>>>
>>> But it would tell you something useful.
>>>
>>> It would suggest a lot of people are wanting to explore semantic behavior instead. Such as Walter's alternative proposal idea.
>>
>> If it's not implemented with .identifier then I will oppose it.
>>
>> I don't buy the "it will break code" point of view either.
>>
>> The only thing I can think of that will break is that .identifier already has a meaning today that means module scope.
>>
>> But that could easily mean module AND "static/scoped" lookup and any ambiguity can be fixed by prioritization.
>>
>> 1. module scope 2. enum 3. static members of ex. classes
>>
>> So if you type .a then it will first look in module scope, then in enums that are in scope and at last within classes that are in scope.
>
> Why not an error if it's ambiguous? There are ways to specify which you want if needed. And its probably unlikely enough that occasionally having to specify the enum name is not anything to be concerned about.

An error with ambiguity is fine, BUT I think it shouldn't happen in the cases I provided, it should only happen in cases you have two symbols with same priority. So no error should be displayed if a global is named "a" and an enum member is named "a", BUT it should have an error if there are two enum members named "a", UNLESS there is also a global named "a".
November 22

On the topic of the :ident syntax: It sounded good at first, but then I thought about our struct initialization syntax and our new named arguments syntax:

ColorPair pair = {
  fg : :red,
  bg : :green,
}

someFunc(fg : :red, bg: :green);

Seems kind of ugly. .identifier and #identifier are the best options IMO (but both unavailable lol). Implicit is decent I guess but looks kind of spooky.

November 22
On 11/21/2022 5:22 PM, Timon Gehr wrote:
> Some other languages require some annotation on the enum to indicate that it is to be used as flags and disallow arithmetic otherwise, writeln could pick that up also and format it nicely as a|b.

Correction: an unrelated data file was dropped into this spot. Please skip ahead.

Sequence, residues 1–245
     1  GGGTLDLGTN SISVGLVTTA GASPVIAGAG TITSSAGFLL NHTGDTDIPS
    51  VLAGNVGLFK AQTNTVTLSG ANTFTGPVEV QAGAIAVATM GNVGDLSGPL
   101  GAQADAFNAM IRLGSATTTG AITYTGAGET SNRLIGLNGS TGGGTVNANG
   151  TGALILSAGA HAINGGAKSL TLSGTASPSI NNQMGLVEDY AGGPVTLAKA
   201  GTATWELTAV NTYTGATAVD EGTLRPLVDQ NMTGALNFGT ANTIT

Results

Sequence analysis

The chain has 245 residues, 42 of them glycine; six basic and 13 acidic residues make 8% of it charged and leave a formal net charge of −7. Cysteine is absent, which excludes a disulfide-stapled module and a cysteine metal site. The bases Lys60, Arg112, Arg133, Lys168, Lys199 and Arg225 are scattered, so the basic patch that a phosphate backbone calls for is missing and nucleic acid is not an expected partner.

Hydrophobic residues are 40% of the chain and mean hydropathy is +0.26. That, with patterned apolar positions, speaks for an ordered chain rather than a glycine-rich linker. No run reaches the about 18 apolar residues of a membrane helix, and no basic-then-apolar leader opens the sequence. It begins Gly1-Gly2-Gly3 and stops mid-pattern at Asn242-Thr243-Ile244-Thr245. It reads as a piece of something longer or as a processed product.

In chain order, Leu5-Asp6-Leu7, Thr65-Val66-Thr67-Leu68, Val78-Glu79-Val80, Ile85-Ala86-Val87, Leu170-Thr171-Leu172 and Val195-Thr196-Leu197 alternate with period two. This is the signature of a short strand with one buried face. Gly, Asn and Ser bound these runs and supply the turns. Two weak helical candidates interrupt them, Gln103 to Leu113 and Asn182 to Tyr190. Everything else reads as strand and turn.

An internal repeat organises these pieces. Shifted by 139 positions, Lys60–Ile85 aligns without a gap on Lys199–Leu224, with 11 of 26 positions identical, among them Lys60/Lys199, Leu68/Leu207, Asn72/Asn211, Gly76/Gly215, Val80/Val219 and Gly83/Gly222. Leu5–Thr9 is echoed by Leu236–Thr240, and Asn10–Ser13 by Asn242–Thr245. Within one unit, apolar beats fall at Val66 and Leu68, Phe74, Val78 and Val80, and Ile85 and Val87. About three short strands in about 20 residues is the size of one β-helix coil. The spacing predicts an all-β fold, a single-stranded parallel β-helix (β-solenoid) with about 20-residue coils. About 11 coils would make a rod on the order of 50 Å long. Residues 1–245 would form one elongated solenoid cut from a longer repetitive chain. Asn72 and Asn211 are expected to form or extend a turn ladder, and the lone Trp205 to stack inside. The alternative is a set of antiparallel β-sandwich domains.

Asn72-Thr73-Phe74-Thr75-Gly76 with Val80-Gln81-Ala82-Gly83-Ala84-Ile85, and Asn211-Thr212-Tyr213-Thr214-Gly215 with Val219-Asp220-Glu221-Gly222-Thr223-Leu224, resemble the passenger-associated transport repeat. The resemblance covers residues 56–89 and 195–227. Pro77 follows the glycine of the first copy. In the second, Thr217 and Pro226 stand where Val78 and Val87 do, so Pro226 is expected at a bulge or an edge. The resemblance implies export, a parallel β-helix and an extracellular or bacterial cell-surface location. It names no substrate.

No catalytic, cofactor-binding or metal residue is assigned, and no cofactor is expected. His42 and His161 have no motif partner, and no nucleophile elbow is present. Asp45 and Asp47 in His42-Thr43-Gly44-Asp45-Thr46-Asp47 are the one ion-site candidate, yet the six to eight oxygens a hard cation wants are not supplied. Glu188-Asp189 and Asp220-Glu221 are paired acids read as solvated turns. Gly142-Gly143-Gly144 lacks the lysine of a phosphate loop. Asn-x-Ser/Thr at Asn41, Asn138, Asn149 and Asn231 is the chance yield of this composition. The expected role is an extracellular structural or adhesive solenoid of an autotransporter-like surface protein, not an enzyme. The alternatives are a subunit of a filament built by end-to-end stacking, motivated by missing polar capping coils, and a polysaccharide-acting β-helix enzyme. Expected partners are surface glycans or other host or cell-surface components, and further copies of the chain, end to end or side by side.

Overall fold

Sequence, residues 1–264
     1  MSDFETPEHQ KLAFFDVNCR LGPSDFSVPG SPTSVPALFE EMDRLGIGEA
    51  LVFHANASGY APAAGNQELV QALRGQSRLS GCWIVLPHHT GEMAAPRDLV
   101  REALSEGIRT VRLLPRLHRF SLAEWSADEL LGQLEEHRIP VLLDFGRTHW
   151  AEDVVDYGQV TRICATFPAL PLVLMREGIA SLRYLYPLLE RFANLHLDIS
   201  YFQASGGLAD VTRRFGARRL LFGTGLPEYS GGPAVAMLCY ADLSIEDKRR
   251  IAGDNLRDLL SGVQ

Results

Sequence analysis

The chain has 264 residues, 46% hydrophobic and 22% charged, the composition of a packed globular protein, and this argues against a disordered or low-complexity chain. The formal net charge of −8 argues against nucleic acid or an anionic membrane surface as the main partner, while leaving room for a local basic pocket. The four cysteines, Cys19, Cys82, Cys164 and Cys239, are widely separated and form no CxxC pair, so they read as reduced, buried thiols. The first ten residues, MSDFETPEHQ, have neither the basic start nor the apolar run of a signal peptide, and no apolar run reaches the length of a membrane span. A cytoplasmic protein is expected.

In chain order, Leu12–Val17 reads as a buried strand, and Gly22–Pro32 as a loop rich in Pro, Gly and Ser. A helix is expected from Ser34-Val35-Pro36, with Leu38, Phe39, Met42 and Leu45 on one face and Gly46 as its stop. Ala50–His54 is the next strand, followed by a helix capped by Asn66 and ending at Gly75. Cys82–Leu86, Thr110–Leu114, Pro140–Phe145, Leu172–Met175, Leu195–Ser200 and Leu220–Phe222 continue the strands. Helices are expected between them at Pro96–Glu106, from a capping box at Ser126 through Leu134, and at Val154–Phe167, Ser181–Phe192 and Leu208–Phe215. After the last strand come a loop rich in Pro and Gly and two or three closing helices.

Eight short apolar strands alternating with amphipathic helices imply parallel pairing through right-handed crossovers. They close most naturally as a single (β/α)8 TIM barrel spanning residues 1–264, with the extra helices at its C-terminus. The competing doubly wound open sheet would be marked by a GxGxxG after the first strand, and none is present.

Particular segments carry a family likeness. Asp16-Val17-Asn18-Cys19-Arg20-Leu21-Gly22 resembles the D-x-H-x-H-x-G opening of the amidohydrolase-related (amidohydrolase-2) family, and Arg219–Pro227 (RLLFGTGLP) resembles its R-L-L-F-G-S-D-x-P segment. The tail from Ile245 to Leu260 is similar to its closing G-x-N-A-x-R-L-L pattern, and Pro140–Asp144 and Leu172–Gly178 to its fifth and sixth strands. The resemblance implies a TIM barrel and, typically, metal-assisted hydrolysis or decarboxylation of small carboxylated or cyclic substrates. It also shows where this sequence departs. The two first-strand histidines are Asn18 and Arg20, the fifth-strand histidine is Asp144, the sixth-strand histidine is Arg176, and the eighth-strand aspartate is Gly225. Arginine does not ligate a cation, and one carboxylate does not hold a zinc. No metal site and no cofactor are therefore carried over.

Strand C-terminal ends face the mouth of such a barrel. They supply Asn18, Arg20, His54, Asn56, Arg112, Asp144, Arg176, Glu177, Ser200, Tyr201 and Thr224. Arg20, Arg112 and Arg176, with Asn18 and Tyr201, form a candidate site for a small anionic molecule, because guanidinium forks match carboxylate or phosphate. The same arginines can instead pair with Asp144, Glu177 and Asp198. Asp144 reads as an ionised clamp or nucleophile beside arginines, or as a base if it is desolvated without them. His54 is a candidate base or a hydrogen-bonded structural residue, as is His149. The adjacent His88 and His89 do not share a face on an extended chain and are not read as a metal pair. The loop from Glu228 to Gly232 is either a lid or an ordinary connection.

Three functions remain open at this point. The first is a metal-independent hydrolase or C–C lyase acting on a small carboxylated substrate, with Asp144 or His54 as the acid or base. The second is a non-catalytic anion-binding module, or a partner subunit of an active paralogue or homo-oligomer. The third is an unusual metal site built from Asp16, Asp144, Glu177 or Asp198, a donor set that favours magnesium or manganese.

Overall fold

It's not perfect, but at some point adding more complexity to try to fix it becomes a larger problem.
November 22
On 11/21/2022 4:59 PM, Adam D Ruppe wrote:
> But the variable shadowing due to the implicit `with(this)` can be quite a surprise, including some spooky action at a distance (adding something to the base class can erase a local variable from existence in an entirely different project!)

It's the old tradeoff problem. You can make the bathroom bigger or the closet bigger, but not both.
November 22
On 11/21/2022 5:41 PM, Timon Gehr wrote:
> On 22.11.22 01:49, Walter Bright wrote:
>> On 11/20/2022 1:58 PM, Timon Gehr wrote:
>>> On 20.11.22 22:32, Walter Bright wrote:
>>>>
>>>> But yes, it would be a (small) breaking change.
>>>
>>> I really wouldn't want to run into this:
>>>
>>> ```d
>>> enum Role{
>>>      guest,
>>>      member,
>>>      developer,
>>> }
>>>
>>> void main(){
>>>      Role r;
>>>      writeln(r); // error
> (Should perhaps be auto s = to!string(r);)
>>> }
>>> ```
>>>
>>> Too messy for me, but up to you.
>>
>> I'm not seeing where the shadowing is?
> 
> That's indeed basically the point. It's invisible.

This code:

---
import std.stdio;

enum Role{
     guest,
     member,
     developer,
}

void main(){
     Role r;
     writeln(r); // error
}
---

compiles successfully and when run prints:

guest

November 22
On Tuesday, 22 November 2022 at 18:13:00 UTC, Walter Bright wrote:
> It's the old tradeoff problem. You can make the bathroom bigger or the closet bigger, but not both.

my point is just your statement that nobody ever complained about implicit(this) is demonstrably false.
November 22
On Tuesday, 22 November 2022 at 18:16:43 UTC, Walter Bright wrote:
> compiles successfully and when run prints:

Did you implement the implicit with?

The point is that proposal will introduce a regression with that code.